Bravery and Art
“Give the boys a reason to fight and don’t lie. They must believe it. If they don’t believe it, we’re dead.” Frank Capra
Watching Five Came Back made me think of the stark contrast between the Hollywood culture of the World War II era and the Hollywood culture of today, and the way these generations saw their place in society, exemplified bravery, and even how both generations defined the word “bravery” in their actions.
The World War II filmmakers featured in Five Came Back were truly brave men. They waded through gunfire on the beaches of Normandy, captured footage from hastily-dug pillboxes on Midway Island during an air attack, and recorded the horrors of the Holocaust for the world to see. These men sacrificed their careers and time away from their families to serve their country and use their God-given talents to help the war effort. Not because it was profitable to them (it wasn’t), but because it was their duty as Americans.
Today’s Hollywood elite cannot hold a candle to the bravery of those filmmakers. Yet they are still referred to as “brave” for one meaningless reason or another – be it wearing a garish dress at an event, or wearing nothing at all in a magazine photo spread.
Today, many people (especially celebrities) engage in faux concern and outrage, propagated by social media and insipid protest hashtaggery. It requires little from a person to do and has just as much tangible impact on an event in real time. In many cases, it is insipid virtue-signaling and is an inherently selfish act to make one appear to be concerned and brave when there is no real sacrifice or danger on one’s part. And when celebrities speak out using social media and silly hashtags, they are often lauded for their “bravery.” This is nonsense.
When a star gives a speech advocating for this-or-that while accepting some award, it isn’t so much for the cause, but for their own self-aggrandizement. They want to feel like they matter in some struggle and feel brave for speaking out. That is why I always think back to the bit of advice that Network writer Paddy Chayefsky gave Vanessa Redgrave after she went on a political tirade during her Oscar acceptance speech in 1978:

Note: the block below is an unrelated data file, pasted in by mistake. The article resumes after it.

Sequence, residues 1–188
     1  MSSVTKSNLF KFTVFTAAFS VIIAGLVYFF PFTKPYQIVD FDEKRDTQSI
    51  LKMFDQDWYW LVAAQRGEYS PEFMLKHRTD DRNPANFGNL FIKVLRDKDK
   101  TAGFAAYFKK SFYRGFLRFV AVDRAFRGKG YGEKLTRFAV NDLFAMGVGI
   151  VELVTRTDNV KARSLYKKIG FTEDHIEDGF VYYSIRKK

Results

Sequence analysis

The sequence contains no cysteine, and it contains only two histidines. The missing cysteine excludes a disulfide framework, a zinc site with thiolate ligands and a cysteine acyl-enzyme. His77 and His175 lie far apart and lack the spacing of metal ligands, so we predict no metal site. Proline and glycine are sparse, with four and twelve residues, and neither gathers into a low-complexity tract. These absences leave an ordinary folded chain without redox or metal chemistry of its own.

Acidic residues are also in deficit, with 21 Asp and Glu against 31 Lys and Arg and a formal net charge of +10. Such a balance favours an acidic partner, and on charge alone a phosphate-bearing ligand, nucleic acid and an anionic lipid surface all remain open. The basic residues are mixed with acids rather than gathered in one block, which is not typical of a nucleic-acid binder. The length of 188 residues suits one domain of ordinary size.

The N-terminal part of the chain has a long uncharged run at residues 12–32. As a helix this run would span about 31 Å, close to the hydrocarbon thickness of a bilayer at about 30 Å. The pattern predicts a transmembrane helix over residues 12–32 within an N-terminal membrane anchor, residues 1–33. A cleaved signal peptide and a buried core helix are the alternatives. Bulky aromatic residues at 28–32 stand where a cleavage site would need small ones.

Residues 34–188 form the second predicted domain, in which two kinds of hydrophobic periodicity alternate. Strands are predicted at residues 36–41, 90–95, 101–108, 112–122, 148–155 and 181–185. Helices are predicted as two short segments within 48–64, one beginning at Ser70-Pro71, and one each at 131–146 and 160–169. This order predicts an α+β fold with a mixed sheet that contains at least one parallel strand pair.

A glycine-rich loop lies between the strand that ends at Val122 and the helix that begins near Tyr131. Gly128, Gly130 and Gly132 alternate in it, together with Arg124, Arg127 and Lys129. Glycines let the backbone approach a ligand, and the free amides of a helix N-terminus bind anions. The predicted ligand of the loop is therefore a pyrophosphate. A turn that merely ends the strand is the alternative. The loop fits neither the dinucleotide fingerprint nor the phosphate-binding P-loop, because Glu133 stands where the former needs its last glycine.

It isn’t brave and world-changing to speak in a room in which 99.9% of the people ideologically agree with you, or to speak in a country where one won’t be dragged off to a gulag or fined into oblivion for speaking one’s mind. Nor is it brave to wear something silly or provocative for its own sake. These are all acts of intellectual cowardice.
True sacrifice, bravery, and devotion were exemplified by the fighting men and women at home and abroad during World War II. These were people who, by and large, volunteered for service, and that included, at the time, Hollywood producers, directors, and actors. Knowing the culture, I wouldn’t count on as many celebrities today to seriously take up arms or volunteer in some other capacity should the need arise. Some, like the elitist environmentalist phony Leonard DiCaprio, can’t even take their own pet crusades seriously.
Many in Hollywood (and the modern culture as a whole) see make-believe oppression wherever they are – and are quick to anger and outrage over the silliest perceived slights. This is especially true on college campuses, where “safe spaces” are all the rage to protect the students from the rigors of harsh words and ideological disagreement. Few would never actually get in harm’s way or make themselves voluntarily uncomfortable for a worthwhile cause (like the future of western civilization) without a camera there to capture everything.
The Final Word
Five Came Back is well worth your time. It’s an intriguing look at a relatively unknown aspect of this time in history. These talented filmmakers captured humanity at both its most evil and most noble, and the films they made had a profound impact on how the American public experienced World War II.
The five Hollywood directors covered in this film exemplified true courage and sacrifice – using their time and talents to craft stories to inform and inspire the American public and keep hope alive on the home front. The same cannot be said for today’s Hollywood acolytes, who virtue-signal and pontificate more than making actual brave stands and worthy sacrifices.
Five Came Back (2017)
Narrated by Meryl Streep
Written by Mark Harris
Based on his book Five Came Back:
A Story of Hollywood and the Second World War
Directed by Laurent Bouzereau